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Tag: Videogames (1-10 of 503)

Someone built a portable Nintendo 64

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Possibly the single most ’90s piece of technology ever invented, the Nintendo 64 marked the last time anyone ever thought that game cartridges were cool in a non-retro way, and also marked the last time any videogame company designed a controller specifically for three-handed gameplay. It also gifted a generation of players with some of the best games ever made: Perfect Dark, Mario 64, StarFox 64, Shadows of the Empire, and freaking Wave Race. And now, someone has created a prototype for a portable Nintendo 64.

You can watch it come together in the video below. Note how designer Bungle announces the device’s artisanal sensibility by specifically playing The Legend of Zelda: Majora’s Mask instead of Ocarina of Time. READ FULL STORY

Criminally underrated videogames from Respawn's Vince Zampella and Naughty Dog's Neil Druckmann

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While EW’s gamer braintrust compiled our list of criminally underrated videogames, we also went out to some experts in the field. And we’re not kidding about experts: Vince Zampella (Call of Duty, Titanfall), CEO of Respawn Entertainment and Neil Druckmann (The Last of Us), creative director of Naughty Dog. Here’s their picks for some game titles you’re missing out on:

Vince Zampella:

Viva Piñata (2006, pictured above)
“I don’t think they sold very well and maybe it was because I played it with my kids, but these games were really good, just really fun and colorful.”

Descent (1995)
Everyone always talks about Quake 3 and Doom when they talk about first-person shooters from that era, for me it was Descent in there too. That was a great game I played a lot of.

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'Titanfall' review: Game takes shooter genre in new directions

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“Standby for Titanfall” is the most exciting thing you’ll hear in gaming right now. Roughly two minutes into each match in the futuristic first-person shooter Titanfall (Xbox One, PC), you’ll gain the ability to call in your very own megaton mech, which rockets in with explosive power and disruptive force. Titanfall is doing the same thing to the stagnant shooter genre.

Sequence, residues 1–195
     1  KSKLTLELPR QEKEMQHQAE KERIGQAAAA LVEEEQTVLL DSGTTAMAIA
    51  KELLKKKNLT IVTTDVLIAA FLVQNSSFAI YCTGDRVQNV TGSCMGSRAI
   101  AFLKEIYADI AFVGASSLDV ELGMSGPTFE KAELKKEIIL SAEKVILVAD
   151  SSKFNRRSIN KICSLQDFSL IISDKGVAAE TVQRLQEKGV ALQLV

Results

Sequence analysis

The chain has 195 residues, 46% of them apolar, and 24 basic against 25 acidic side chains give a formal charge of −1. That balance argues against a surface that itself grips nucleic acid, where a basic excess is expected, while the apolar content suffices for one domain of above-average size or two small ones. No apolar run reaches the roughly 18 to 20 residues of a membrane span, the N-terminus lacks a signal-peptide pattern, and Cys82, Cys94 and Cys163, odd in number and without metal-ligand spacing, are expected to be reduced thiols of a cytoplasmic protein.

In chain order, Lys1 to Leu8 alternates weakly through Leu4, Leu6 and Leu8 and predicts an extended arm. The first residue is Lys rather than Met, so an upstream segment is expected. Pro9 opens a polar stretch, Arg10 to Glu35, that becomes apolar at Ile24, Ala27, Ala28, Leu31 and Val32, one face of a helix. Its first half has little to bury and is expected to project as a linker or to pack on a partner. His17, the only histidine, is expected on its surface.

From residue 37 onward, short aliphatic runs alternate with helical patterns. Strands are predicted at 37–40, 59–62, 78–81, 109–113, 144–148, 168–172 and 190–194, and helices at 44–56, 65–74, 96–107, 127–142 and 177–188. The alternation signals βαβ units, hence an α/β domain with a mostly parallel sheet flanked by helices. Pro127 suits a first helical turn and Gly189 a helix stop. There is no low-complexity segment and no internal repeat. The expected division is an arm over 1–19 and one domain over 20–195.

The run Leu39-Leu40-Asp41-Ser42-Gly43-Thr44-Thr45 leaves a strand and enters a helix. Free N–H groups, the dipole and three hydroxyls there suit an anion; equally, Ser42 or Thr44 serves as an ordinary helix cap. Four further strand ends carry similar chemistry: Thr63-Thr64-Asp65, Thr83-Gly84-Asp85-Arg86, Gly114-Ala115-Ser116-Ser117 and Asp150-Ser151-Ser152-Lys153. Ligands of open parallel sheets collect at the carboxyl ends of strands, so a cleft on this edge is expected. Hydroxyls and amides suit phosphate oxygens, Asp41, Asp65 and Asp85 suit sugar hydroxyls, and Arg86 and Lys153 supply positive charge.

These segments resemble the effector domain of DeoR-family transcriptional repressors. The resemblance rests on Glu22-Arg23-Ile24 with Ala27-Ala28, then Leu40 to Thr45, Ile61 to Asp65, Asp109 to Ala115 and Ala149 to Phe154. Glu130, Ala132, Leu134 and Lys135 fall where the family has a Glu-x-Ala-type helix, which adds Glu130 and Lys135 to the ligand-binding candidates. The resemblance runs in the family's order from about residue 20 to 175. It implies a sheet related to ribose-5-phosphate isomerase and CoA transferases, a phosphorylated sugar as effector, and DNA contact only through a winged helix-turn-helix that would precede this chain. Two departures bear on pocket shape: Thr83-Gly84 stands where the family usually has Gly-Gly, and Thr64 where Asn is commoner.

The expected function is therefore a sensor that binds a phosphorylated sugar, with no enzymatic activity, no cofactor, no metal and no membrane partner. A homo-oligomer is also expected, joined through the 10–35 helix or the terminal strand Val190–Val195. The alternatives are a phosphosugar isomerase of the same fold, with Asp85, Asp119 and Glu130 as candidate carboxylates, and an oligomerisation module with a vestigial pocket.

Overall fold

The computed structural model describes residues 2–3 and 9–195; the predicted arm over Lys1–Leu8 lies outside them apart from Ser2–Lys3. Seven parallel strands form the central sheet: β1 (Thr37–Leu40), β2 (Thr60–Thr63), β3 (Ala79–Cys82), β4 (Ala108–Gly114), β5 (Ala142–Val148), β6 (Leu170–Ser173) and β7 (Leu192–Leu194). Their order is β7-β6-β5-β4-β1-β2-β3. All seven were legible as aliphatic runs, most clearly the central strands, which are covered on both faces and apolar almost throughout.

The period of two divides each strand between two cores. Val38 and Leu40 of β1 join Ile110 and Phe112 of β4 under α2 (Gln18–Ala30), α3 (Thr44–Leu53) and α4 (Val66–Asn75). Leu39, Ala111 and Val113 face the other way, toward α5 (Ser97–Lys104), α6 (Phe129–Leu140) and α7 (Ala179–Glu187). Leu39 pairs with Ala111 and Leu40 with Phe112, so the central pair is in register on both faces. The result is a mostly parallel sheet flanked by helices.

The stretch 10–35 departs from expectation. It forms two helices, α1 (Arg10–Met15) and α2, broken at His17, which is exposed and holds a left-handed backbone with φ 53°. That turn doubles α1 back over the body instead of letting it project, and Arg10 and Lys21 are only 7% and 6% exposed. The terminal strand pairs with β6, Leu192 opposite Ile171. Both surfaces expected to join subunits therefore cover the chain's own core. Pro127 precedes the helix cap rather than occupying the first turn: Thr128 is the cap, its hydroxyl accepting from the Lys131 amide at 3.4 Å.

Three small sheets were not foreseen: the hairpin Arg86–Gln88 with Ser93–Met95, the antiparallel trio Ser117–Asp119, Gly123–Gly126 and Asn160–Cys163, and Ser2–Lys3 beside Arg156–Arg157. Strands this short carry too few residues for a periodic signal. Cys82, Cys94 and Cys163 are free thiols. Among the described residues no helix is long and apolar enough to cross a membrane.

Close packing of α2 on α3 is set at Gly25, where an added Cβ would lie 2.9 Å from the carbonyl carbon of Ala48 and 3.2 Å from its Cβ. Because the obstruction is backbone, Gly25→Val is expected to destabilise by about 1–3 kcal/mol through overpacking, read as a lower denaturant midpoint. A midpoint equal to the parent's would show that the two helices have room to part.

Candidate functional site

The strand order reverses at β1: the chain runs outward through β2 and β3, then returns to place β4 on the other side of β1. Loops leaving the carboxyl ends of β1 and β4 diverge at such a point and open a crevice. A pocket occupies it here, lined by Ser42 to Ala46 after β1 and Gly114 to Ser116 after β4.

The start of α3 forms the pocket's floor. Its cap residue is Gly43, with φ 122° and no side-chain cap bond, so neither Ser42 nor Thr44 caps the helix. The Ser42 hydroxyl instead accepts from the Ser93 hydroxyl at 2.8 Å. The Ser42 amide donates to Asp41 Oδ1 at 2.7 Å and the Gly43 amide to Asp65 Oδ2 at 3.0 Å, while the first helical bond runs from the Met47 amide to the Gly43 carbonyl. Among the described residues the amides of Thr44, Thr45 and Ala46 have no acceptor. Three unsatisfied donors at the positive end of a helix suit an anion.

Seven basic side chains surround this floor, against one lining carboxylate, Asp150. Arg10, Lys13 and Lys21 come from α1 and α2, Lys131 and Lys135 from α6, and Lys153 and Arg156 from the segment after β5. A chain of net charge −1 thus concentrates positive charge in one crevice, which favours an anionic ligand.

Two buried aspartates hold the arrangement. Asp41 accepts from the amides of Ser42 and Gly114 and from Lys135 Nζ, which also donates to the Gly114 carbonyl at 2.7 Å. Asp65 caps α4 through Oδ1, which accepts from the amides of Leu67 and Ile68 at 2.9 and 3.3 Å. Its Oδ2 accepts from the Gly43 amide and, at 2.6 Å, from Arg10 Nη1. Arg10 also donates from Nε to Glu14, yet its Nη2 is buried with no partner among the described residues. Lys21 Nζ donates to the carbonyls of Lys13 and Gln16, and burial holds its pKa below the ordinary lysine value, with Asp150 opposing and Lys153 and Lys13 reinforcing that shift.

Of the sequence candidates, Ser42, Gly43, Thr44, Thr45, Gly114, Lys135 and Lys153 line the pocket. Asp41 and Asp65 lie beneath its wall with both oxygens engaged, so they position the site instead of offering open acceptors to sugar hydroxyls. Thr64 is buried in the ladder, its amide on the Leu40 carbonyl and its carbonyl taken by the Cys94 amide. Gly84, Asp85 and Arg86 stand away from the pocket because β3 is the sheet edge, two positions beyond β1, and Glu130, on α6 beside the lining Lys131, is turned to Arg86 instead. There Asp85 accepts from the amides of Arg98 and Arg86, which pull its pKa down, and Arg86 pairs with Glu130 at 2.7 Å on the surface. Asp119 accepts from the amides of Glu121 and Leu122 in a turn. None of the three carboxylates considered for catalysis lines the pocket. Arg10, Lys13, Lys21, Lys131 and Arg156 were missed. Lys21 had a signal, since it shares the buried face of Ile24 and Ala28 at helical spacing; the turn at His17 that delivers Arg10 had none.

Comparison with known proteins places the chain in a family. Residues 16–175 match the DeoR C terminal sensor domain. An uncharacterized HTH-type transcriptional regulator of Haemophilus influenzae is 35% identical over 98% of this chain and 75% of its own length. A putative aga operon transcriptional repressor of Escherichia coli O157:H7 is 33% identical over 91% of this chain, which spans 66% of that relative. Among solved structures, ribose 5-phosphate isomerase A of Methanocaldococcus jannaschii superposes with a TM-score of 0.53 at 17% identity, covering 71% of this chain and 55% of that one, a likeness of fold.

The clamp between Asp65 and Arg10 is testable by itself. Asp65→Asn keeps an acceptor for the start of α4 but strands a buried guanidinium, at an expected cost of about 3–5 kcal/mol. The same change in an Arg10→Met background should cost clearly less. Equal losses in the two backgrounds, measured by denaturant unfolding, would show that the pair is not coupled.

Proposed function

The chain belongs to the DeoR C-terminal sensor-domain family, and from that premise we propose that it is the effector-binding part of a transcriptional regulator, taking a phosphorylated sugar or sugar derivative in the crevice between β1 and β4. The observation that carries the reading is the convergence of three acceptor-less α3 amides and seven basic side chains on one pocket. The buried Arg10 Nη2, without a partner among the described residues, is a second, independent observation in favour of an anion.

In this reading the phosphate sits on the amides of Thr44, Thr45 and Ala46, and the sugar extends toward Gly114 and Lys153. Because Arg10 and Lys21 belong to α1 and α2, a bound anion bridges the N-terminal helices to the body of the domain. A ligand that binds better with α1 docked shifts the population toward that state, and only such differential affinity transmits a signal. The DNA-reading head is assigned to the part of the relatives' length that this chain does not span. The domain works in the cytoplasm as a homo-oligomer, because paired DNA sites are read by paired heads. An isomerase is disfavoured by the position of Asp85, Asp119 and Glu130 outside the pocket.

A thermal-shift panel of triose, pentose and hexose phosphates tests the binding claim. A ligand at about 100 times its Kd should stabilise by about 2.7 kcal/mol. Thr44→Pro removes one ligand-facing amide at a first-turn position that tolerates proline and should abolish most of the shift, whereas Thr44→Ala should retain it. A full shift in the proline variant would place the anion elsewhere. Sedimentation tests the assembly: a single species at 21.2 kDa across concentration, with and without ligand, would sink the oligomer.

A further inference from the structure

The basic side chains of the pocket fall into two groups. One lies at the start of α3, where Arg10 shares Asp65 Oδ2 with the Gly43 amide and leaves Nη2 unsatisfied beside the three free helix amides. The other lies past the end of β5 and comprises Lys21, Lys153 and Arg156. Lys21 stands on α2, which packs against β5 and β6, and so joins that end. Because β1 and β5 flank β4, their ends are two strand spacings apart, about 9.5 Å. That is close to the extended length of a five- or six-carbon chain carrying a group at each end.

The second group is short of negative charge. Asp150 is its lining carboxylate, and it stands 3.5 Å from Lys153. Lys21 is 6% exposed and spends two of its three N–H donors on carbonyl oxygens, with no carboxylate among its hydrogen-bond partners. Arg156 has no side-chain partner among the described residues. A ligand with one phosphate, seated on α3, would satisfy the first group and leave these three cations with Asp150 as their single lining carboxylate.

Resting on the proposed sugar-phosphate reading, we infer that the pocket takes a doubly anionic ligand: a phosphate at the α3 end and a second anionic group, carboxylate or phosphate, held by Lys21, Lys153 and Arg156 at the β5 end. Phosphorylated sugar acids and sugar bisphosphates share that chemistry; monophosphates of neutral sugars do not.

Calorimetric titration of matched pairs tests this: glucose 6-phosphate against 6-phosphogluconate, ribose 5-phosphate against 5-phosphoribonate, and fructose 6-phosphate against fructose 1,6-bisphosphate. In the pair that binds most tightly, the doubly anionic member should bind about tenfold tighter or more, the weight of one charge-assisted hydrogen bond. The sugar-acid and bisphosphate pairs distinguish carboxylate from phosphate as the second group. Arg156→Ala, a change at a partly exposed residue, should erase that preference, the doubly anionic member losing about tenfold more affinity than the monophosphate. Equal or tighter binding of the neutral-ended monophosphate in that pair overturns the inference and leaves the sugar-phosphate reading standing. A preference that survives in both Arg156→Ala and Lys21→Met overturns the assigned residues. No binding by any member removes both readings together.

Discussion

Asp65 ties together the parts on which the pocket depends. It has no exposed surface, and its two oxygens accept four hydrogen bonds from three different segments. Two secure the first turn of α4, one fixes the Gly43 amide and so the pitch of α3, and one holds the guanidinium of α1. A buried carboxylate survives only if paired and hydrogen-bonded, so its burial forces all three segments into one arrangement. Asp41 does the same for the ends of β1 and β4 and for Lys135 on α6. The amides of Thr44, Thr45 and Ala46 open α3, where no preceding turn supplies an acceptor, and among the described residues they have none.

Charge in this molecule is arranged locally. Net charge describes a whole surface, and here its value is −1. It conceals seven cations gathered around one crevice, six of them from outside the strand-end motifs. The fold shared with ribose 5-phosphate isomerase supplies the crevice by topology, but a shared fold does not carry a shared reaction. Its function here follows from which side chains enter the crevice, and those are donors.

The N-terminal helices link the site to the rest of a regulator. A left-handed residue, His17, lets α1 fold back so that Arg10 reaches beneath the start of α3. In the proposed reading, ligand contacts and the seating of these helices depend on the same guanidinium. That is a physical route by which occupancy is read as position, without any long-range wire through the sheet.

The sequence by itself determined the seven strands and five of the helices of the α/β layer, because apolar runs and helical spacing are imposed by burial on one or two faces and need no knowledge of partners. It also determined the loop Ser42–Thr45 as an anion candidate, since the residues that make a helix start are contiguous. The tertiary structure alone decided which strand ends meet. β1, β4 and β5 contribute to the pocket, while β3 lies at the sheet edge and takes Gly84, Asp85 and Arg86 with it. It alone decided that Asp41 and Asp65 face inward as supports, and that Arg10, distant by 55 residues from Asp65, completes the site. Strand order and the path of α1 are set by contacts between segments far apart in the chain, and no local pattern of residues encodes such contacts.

Would we expect anything less from Jason West and Vince Zampella, creators of the mega-billion dollar Call of Duty franchise? They set the tone for how modern warfare looks, feels and plays. After their acrimonious split with publisher Activision in 2010, they formed new studio Respawn Entertainment, and their first game Titanfall is another genre-defining experience. It’s been majorly hyped since its reveal at E3 last year, and although it isn’t quite revolutionary, it’s a solid evolution that is pushing the shooter genre in exciting new directions.

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'South Park: The Stick of Truth' review: Funny, gross...and a legitimately great RPG

In 2002, Trey Parker and Matt Stone wrote “The Return of the Fellowship of the Ring to the Two Towers,” an All-Time Hall of Fame South Park episode which effectively retells the whole J.R.R. Tolkien Rings trilogy in half an hour. What makes the episode great was that, somehow, Parker and Stone had it both ways with their Rings parody: It simultaneously lacerates the inherent silliness of the phenomenon while glorifying the high-nerd excess of that silliness. (All this, and they still found time for the immortal line: “Backdoor Sluts 9 makes Crotch Capers 3 look like Naughty Nurses 2!”)